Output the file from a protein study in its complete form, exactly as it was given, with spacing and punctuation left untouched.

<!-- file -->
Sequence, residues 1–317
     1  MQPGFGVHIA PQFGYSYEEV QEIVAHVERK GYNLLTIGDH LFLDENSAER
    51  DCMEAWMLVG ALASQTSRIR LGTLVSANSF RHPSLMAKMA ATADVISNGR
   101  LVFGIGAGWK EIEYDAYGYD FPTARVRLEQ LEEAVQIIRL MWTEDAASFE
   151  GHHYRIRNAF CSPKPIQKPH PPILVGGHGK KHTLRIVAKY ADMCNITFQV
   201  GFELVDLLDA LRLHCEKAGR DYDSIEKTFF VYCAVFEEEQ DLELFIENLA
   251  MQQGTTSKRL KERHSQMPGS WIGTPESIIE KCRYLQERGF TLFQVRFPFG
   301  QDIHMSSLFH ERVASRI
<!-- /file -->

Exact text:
Sequence, residues 1–317
     1  MQPGFGVHIA PQFGYSYEEV QEIVAHVERK GYNLLTIGDH LFLDENSAER
    51  DCMEAWMLVG ALASQTSRIR LGTLVSANSF RHPSLMAKMA ATADVISNGR
   101  LVFGIGAGWK EIEYDAYGYD FPTARVRLEQ LEEAVQIIRL MWTEDAASFE
   151  GHHYRIRNAF CSPKPIQKPH PPILVGGHGK KHTLRIVAKY ADMCNITFQV
   201  GFELVDLLDA LRLHCEKAGR DYDSIEKTFF VYCAVFEEEQ DLELFIENLA
   251  MQQGTTSKRL KERHSQMPGS WIGTPESIIE KCRYLQERGF TLFQVRFPFG
   301  QDIHMSSLFH ERVASRI